rabble blogs are the personal pages of some of Canada's most insightful progressive activists and commentators. All opinions belong to the writer; however, writers are expected to adhere to our guidelines. We welcome new bloggers -- contact us for details.

Debating the uses of resource royalties

Please chip in to support rabble's election 2019 coverage. Support rabble.ca today for as little as $1 per month!

Aerial shot of Athabasca tar sands. Photo: Shell/Flickr

In an interesting and well-argued column in the Calgary Herald recently, Mark Milke from the Fraser Institute took issue with my last post here. I can't resist replying to one of his points.

Mr. Milke paraphrases me this way: "Brian Topp wants sovereign resource funds to invest in uneconomic projects too expensive for the private sector -- this instead of shipping 'raw unprocessed resources to Texas and to China.' Topp mentions Norway's resource fund as an example."

I don't know about "uneconomic" but otherwise so far, so good. Mr. Milke then argues this is a "bad suggestion." Why?

"Topp may be unaware that Alberta's Heritage fund was once used to support uneconomic projects. The result was a costly misallocation of money belonging to Albertans. Back in the 1980s (and this started under Lougheed), the Heritage Fund and government itself began to loan and to guarantee loans to all sorts of risky business ventures, all in the name of diversification and job creation. When many companies went belly up by the early 1990s, Alberta lost $2.3 billion in financial fiascos on everything from high-tech startups to meat-packing plants. No government should repeat that corporate welfare boondoggle."

Actually, I'm quite aware of that. And I'm also aware of the approximately $1 billion in other regrettable investments, some to Conservative party insiders, that were simultaneously made by the neighbouring government of Grant Devine in Saskatchewan at the same time. It took the succeeding Romanow NDP government many years to work out of those deals -- I remember them well.

Does this really mean that no publicly owned fund must ever again be allowed to invest capital?

If so, Mr. Milke presumably wants to dismantle the Canada Pension Plan. That publicly-owned fund has been built up to $161.6 billion (check out the results here) but presumably the fund must have invested in some dogs at some point -- so its investment work, good and bad, must never been repeated. And this must also be true of the Caisse in Quebec -- about the same size. And the Teachers' Fund in Ontario.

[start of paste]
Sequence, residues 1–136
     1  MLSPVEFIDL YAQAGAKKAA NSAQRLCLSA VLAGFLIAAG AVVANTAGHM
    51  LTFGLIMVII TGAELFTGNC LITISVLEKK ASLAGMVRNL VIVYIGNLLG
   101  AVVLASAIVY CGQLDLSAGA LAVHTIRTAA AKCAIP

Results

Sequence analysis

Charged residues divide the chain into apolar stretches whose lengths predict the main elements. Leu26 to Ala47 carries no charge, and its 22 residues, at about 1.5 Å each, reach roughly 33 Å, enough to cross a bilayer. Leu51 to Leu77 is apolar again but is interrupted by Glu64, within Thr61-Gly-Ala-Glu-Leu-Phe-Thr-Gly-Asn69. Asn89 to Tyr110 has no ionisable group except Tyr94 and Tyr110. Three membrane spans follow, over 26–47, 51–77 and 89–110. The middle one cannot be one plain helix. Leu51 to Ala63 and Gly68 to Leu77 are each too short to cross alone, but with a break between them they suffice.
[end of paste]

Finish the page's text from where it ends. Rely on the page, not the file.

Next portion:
But let's not stop there.

If it is true that having any history of any kind of "financial fiascos" means that an economic player must never, ever be permitted to repeat its sins again, then we have a much bigger wrong-doer to deal with. Consider the trillions of public dollars spent to bail out private-sector banks throughout the industrialized world in recent years. Should the financial services industry itself be abolished, never to be permitted to operate again?

Perhaps that is Mr. Milke's view. Personally, I'm a more forgiving sort.

I hold to my view that pretending we have low taxes while spending the family silver is irresponsible. One-time resource royalty revenue is capital, and should be invested, not used to pay for real corporate welfare boondoggles -- like corporate tax cuts for the Fraser Institute's funders.

This article was first published in the Globe and Mail.

Thank you for reading this story…

More people are reading rabble.ca than ever and unlike many news organizations, we have never put up a paywall – at rabble we’ve always believed in making our reporting and analysis free to all, while striving to make it sustainable as well. Media isn’t free to produce. rabble’s total budget is likely less than what big corporate media spend on photocopying (we kid you not!) and we do not have any major foundation, sponsor or angel investor. Our main supporters are people and organizations -- like you. This is why we need your help. You are what keep us sustainable.

rabble.ca has staked its existence on you. We live or die on community support -- your support! We get hundreds of thousands of visitors and we believe in them. We believe in you. We believe people will put in what they can for the greater good. We call that sustainable.

So what is the easy answer for us? Depend on a community of visitors who care passionately about media that amplifies the voices of people struggling for change and justice. It really is that simple. When the people who visit rabble care enough to contribute a bit then it works for everyone.

And so we’re asking you if you could make a donation, right now, to help us carry forward on our mission. Make a donation today.


We welcome your comments! rabble.ca embraces a pro-human rights, pro-feminist, anti-racist, queer-positive, anti-imperialist and pro-labour stance, and encourages discussions which develop progressive thought. Our full comment policy can be found here. Learn more about Disqus on rabble.ca and your privacy here. Please keep in mind:


  • Tell the truth and avoid rumours.
  • Add context and background.
  • Report typos and logical fallacies.
  • Be respectful.
  • Respect copyright - link to articles.
  • Stay focused. Bring in-depth commentary to our discussion forum, babble.


  • Use oppressive/offensive language.
  • Libel or defame.
  • Bully or troll.
  • Post spam.
  • Engage trolls. Flag suspect activity instead.